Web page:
“I only ride in areas I’m familiar with,” Jillian said, “and walk every inch of a field first. I know where I’m riding, and if you’re careful doing it, you can have a lot of fun.”

Before Jillian and Buffy venture out for a snowy adventure, Jillian makes sure Buffy is stretched and warmed up. She will take Buffy through a stretching routine that lasts about five minutes to warm up Buffy’s muscles before walking, which is especially important, she stressed, because of the cold weather. Then, Buffy gets strapped up with a breast collar, just as though she was pulling a cart.

Because almost all Saddlebreds are taught to pull a cart, pulling sleds, or a skier, isn’t completely unfamiliar to them, making them ideal for winter activities.

For those who live in snowy areas, sledding or skiing with their Saddlebreds is a popular pastime.For those who live in snowy areas, sledding or skiing with their Saddlebreds is a popular pastime.For sledding, Jillian said, she always has someone on the horse. For skiing, you can have someone else riding, or you can attach long lines to the horse and venture out. Because the skier is standing, it is possible to direct the horse.

“We have a blast,” Jillian said. “I have a great group of friends who want to do a lot with their horses as well, so they’re always down for any fun, crazy thing we have planned for the day.”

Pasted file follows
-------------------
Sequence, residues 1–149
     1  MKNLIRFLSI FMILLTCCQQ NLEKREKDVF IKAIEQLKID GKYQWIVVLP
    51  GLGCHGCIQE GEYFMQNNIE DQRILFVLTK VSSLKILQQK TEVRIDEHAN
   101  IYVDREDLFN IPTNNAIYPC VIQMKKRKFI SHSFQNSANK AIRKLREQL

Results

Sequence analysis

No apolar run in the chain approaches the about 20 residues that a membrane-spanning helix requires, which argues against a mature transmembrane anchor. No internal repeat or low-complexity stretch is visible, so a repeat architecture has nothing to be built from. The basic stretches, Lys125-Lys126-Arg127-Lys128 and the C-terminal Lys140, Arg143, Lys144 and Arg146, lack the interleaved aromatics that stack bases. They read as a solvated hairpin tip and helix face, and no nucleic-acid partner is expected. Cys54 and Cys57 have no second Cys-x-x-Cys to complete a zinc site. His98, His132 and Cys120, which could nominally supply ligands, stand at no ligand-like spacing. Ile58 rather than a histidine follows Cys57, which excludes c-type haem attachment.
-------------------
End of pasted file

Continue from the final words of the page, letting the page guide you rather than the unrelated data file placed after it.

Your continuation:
In December, Jillian brings Buffy to a local Christmas parade that has more than 10,000 spectators.

“Buffy loves parades,” Jillian said. “She thinks it’s a race, so she tries to walk the fastest. She thinks it’s really fun. Last year, we were right behind the band and she thought it was like a horse show with the organ player. She was marching all proudly.”

Sometimes snowy winter fun can be combined with breed promotion. At the parade Jillian passed out more than 2,000 cards providing information about the Saddlebred breed, and enjoyed letting people meet Buffy. Many of them, she said, had never seen a horse up close before, and noted that Buffy seemed to be having a great time enjoying the music.

While some breeds might scoff at the idea of playing in the snow and exploring the unknown, Saddlebreds like Buffy embrace winter activities.

“She’s talented, smart and does everything I ask of her,” Jillian said.

The key is having a trusting relationship with your horse and making the winter activities fun and exciting. This winter, Jillian will be teaching Buffy how to play soccer with a friend’s horse. Jumping is also a favorite pastime.

“Buffy loves to jump in the winter because it’s not something she does during the show season,” Jillian said. “She knows the difference between show season and her off season.”